The influence of Arcangelo Corelli on instrumental music of the early 18th century is difficult to overestimate. Not only was he a lodestone for his fellow Italian composers, but his music – particularly his 1714 Opus 6 of 12 concerti grossi – was the foundation of a frenzy for Italian music among the bon-ton middle classes of England, and it is on the back of this popularity that the likes of Handel (arriving fresh from Rome with a thorough grounding in the Italian style) made a considerable amount of money from the London cognoscenti.
Il Pomo d’Oro’s Saturday-evening concert at Milton Court was an exploration of the Italian string concerto, and contained not only No. 11 from Corelli’s Opus 6, but subsequent essays in the form from Handel and Francesco Durante, as well as a short sinfonia from Handel’s fellow German-speaking Italophile, Johann Hasse. The concert also featured the cellist Edgar Moreau, with whom Il Pomo d’Oro released an album of cello concerti in 2015. A couple of these (the D-major concerti by Giovanni Piatti and Luigi Boccherini) were re-visited, along with Giuseppe Tartini’s A-major concerto.
The ensemble used the minimum of forces to allow for both the concertino and ripieno groupings in the concerti: four violins, a single viola, two cellos, a double bass and a harpsichord, and produced a tightly-spun web of sound throughout, allowing tempo and dynamic to point up the changes in mood within the works. The Italian delivery was very much to the fore, and it was a pleasure to hear Handel’s F-major concerto grosso given such a sprightly and nuanced rendering (English performances can occasionally be a little stolid) in which the energetic work in the bass instruments at the end of the first movement was brought to the fore. Of the string concerti, though, it was the Durante G-minor that shone in terms of texture and harmonic invention. Deploying a reduced grouping of two violins and one of each of the other instruments, the ensemble wrung every last drop out of Durante’s unusual chromaticism, the violins indulging in little portamenti, the low strings giving us some splendidly rustic sawing, and the harpsichord shutting down to a lute stop for the central Largo (which contains a magical ‘blue note’ on the first violin towards its close).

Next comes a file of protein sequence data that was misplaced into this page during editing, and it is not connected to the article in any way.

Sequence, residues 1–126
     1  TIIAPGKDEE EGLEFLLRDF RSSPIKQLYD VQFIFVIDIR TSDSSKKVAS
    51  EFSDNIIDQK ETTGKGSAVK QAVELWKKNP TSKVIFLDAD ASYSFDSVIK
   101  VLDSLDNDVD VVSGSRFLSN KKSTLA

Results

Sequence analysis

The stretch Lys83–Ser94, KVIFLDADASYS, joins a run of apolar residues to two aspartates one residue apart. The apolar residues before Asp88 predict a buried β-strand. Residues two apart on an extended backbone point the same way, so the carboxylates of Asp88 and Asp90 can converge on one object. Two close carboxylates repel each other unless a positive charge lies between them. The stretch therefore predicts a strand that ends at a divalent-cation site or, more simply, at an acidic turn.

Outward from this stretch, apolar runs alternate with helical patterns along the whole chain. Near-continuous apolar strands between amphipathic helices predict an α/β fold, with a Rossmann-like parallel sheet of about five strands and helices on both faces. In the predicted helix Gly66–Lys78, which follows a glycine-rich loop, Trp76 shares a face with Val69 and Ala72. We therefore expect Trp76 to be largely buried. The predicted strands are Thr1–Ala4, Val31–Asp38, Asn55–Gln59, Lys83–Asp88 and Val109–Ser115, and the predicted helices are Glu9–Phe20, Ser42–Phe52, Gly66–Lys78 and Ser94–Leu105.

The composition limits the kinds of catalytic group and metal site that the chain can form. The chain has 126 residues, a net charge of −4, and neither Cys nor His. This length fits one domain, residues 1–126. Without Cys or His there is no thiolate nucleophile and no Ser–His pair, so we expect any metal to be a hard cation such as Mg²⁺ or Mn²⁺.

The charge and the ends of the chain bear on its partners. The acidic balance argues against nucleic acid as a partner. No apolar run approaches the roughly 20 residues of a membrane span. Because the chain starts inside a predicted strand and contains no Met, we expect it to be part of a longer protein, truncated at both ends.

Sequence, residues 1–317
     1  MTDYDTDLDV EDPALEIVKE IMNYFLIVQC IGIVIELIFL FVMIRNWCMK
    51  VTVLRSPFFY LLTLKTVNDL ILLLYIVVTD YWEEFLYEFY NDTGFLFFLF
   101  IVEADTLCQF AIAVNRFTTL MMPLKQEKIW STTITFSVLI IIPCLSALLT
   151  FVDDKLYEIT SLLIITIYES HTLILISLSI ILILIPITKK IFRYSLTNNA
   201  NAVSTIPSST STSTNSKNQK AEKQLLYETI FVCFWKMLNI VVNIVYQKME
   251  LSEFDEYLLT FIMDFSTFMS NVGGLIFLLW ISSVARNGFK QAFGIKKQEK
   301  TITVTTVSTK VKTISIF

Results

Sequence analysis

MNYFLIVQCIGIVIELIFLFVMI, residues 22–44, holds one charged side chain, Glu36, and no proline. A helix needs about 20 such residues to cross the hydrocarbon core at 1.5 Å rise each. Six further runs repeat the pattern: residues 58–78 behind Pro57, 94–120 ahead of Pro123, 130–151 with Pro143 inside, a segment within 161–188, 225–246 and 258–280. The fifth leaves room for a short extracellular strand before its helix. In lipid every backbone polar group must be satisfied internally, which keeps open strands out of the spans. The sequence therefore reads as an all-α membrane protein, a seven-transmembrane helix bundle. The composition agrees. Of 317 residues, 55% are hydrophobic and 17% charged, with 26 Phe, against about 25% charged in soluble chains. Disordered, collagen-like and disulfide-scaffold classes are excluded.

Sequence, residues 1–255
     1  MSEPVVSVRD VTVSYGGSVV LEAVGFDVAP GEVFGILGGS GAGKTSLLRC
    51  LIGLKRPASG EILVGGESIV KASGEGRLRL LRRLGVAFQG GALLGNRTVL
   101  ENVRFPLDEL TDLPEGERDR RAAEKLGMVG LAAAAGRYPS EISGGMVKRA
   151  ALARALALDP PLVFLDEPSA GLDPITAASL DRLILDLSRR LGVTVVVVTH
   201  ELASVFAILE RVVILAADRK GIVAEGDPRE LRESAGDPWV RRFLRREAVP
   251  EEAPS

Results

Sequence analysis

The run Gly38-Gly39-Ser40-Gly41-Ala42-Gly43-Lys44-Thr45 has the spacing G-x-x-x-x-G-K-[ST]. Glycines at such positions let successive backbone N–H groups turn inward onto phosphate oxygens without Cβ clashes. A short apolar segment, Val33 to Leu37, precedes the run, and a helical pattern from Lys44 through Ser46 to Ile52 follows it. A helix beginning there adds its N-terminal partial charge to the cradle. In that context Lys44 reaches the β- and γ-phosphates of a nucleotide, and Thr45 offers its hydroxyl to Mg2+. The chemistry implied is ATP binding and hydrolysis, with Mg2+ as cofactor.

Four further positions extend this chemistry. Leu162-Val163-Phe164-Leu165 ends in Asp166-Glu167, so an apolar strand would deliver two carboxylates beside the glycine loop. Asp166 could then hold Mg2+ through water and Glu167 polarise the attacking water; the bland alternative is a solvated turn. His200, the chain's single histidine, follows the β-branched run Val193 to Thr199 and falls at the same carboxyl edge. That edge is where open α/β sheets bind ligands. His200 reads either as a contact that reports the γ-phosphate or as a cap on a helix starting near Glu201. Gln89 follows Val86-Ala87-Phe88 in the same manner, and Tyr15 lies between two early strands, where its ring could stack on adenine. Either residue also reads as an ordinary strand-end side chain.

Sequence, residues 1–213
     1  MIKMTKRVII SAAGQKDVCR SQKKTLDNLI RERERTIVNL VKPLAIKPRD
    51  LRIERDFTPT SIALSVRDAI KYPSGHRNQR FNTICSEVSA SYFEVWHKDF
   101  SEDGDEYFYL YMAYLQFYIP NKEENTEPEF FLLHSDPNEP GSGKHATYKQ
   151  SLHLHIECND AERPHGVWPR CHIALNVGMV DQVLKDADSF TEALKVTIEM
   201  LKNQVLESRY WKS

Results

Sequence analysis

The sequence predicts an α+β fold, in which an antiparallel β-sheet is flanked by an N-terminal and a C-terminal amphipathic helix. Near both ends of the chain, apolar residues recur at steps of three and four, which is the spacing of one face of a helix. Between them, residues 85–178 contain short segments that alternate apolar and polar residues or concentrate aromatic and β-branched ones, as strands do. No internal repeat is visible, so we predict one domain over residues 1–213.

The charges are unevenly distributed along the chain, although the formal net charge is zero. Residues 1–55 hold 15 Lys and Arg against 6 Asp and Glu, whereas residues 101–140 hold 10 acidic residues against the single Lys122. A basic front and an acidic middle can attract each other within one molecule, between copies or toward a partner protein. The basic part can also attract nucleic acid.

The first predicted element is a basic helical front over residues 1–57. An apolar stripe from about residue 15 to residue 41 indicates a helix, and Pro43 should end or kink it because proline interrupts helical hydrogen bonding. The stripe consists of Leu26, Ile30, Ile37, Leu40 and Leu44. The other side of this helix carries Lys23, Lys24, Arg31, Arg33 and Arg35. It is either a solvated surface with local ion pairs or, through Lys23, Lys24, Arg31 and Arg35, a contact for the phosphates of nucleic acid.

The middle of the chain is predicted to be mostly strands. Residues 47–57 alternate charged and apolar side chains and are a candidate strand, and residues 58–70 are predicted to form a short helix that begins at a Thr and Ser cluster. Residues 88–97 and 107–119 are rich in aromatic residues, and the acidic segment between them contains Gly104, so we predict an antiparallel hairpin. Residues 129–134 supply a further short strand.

The cello concerti were all given first-rate performances. Moreau is a consummate interpreter of the genre; there’s a no-nonsense approach here that delivers a warm, firm tone, but he is sensitive to idiom, decorating passages elegantly and with a natural skill. There’s no hint of the overwrought gestures that performers of Romantic concerti are sometimes wont to indulge in: every nuance is judged and executed with calm brilliance. Of the concerti played, Piatti’s D-major work caught the ear most, with its busy whoosh towards the close of the first movement, its sliding chromatic underlay of the solo line by the orchestral cello in the second movement and the driving rustic quality of the final movement.
The concert succeeded well in demonstrating the variations in the Italian string concerto across the 18th century, from Corelli’s 1714 benchmark through to the almost-classical Boccherini of 1770. It was, however, very much a concert for hard-core fans of the Baroque. True, the variations in style were apparent, but these days many Baroque ensembles like to leaven the continuo pudding with extra instruments – for example, a theorbo, an organ, a Baroque guitar – and an entire evening of strings and harpsichord playing roughly similar pieces, all with the same textural mix, became, eventually – notwithstanding the top-class performance – a little unrelentingly academic.